The ABI has been accused of failing to address the issue of ‘wet signatures' in a guidance paper on over-the-phone and online protection applications.
The paper, published today and entitled ‘Improving clarity of telephone and online applications for protection insurance’, suggests it is “up to each firm” to decide when the applicant signs the proposal form.
But Andy Milburn, IFA market manager at Progress from Royal Liver, says he is unclear how this stance will help the issue of non-disclosure.
The ABI disputes Milburn's claims, arguing the guidance urges firms to '"check the accuracy of the answers submitted on their behalf" in the case of applications completed by a third party.
Milburn says: "The ABI has not made a call on this to decide when the wet signature is given, if at all. I can’t believe they have gone down that route. It’s not best practice.
“You would be amazed at how many times the customer comes back saying: ‘you have missed this’ or ‘I said that and you didn’t put it in’.
“Sadly we knew this would happen. How is this going to help us reduce the issue of non-disclosure in the industry?”
The ABI says the guidance paper has been designed to help providers in the wake of increased online and telephone applications for protection insurance.
The paper outlines, among other things, how over-the-phone questions may need to be 'put' differently, as well as ensuring every stage of the process is explained clearly to the customer.
It says all phone conversations with consumers should be recorded and catalogued, that firms should be able to show evidence of audit trails, and demands consumers are explained the consequences of non-disclosure.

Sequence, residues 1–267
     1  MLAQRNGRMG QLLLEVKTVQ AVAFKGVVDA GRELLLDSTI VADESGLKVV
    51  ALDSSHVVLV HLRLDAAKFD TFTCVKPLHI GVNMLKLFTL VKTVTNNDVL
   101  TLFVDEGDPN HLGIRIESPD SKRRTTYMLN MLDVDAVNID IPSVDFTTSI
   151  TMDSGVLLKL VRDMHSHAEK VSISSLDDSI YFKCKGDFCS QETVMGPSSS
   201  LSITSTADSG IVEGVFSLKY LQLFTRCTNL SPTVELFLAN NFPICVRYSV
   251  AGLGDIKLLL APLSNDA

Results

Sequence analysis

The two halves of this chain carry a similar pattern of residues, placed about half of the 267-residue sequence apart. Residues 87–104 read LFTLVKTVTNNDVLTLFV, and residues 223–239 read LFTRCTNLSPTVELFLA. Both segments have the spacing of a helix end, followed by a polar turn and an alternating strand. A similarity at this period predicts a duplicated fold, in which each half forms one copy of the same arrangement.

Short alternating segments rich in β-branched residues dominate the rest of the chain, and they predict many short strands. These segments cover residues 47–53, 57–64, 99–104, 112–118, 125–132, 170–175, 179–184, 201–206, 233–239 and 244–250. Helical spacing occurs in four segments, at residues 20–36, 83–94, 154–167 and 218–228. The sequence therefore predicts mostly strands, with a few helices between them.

Milburn says the paper also falls short by releasing ‘only' guidance and not ‘being stronger’ on the topic. He adds there is nothing in the paper about minimum qualifications for tele-underwriters, branding it “a big miss”.
But Jonathan French, ABI spokesman, says: "Andy Milburn is mistaken in his criticisms and we will be discussing this with him as soon as we can."
The ABI says members have until 31 August to implement the changes in the guidance.
Nick Starling, ABI director of general insurance and health, says: “In recent years we have seen a growing trend of people taking out life, critical illness and income protection insurance over the phone and online, especially via intermediaries.
“This latest ABI initiative will help ensure that the UK uses world-class online and telephone processes to help people disclose all the relevant information about their medical history.
“We want to ensure that people have full confidence in, and understanding of, the products available. Our latest guidance marks another positive step towards this goal.”
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